When purchasing a bathtub, lots of factors affect its price tag. Before finally purchasing your tub for the remodeled bath or for the new one, take into consideration what tubs are composed of, where and how the tub may be used, and also the budget.
Taking your bath is your ultimate relaxation, but purchasing your bathtub may be fraught with pressure. There is this dizzying array of sizes, materials and shapes available today, but it is a decision that you wanted to get right. Replacing and ripping out the tub is not high on anybody’s list of fun activities, so take your time to reply these important queries before buying.
Here are some guideline questions being asked when buying a tub:
1. Are there special considerations when installing?
If you are considering the jetted bathtub, you will need to have a plan for the air switch, electric timer and pump. Lots of pumps fit within a tub unit; however, there are some manufacturers that had the remote-location pump which may be placed up to 5 feet from a tub and hide in the vanity cabinet or in the closet. An air switch that is nonelectric can be situated on a tub unit. Plan the installation of the electric timer with a safe distance—about 5 ft—away from a tub to satisfy the code requirements.
2. Can the water heater able to handle the task?
Remember that your tub size will affect the monthly expense. The standard bath will consists of 1/3 cold water and 2/3 hot water. When you have the hot-water tank, will it supply sufficient hot water? The tubs are varied in size, holding about 25-150 water gallons. Make sure that the water heater is big enough to fill in about 2/3 of the tub with hot water.
3. Does weight pose the problem?
The plastic tub is able to weigh as bit as 50 lbs. empty, while the cast-iron bathtub will top 1,000 pounds. When you are taking into consideration a heavier material, will the floors handle the mass? When you add the tub weight, and also the weight of the people and water, it can be required to reinforce a floor beneath a tub with bracings and supports. Also, the too-heavy tub will be prohibitively expensive and impossible to get into the second-floor bathroom.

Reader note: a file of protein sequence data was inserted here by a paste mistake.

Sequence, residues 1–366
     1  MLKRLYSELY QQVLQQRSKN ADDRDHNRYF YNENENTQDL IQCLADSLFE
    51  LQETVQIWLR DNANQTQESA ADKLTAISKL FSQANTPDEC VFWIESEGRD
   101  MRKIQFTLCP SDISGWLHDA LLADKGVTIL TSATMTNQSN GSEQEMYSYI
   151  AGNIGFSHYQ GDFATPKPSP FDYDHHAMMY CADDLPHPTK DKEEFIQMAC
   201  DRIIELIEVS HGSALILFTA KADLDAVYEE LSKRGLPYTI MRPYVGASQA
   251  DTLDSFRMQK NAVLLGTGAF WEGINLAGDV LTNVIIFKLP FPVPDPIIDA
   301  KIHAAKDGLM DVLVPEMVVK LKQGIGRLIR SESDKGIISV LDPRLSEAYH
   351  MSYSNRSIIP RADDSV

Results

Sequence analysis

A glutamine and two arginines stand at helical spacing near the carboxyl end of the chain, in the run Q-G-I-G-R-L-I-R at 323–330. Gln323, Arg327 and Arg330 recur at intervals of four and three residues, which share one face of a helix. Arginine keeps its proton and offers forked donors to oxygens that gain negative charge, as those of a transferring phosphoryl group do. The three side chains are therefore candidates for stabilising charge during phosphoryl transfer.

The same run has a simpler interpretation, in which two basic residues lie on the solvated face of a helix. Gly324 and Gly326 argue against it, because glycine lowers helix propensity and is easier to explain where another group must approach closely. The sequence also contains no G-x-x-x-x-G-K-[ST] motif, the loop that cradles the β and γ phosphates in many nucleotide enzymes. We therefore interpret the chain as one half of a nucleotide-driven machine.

4. How are you planning to use the tub?
The answer identifies whether the, bare-bones, inexpensive design is enough or it will need something with whistles and bells. The standard soaking tub merely gets packed with water, while the air bath or the whirlpools have channels or jets that can give massaging air. The extras in the soaker are normally limited to the headrests or arms, grab bars, and the slip-resistant flooring. Air-bath, whirlpool, combination tubs have lots of other options, with ambient underwater lighting, adjustable jets, aromatherapy features, automated cleaning systems, and heated blowers. The more elaborated the tub is, the more costly it can be.
5. How much space you have?
Before finally falling in love with a certain style of tub, you have to know just what the bathroom may accommodate. The standard tub is just 60 inches long, 14 inches deep, and 30 inches wide, but lots of other shapes and sizes are also available. In identifying how big the tub will be, take extra careful measurements of the doorways and the space. Take note of where a drain is situated in the floor in making sure it will work with your most preferred tub design. Also, most of the tubs do not permit for the shower installation, so check before finally buying if that is a must-have style for the whole family to use.
6. Is the tub relaxing?
Before buying the tub, you have to try it on to know if the size fits. Climb in, settles and lay back, and envision yourself being soaked. Does it feel and fit comfortable for you? Do not feel embarrassed when trying, it is the best way for you to identify if you will be satisfied with your tub before buying it.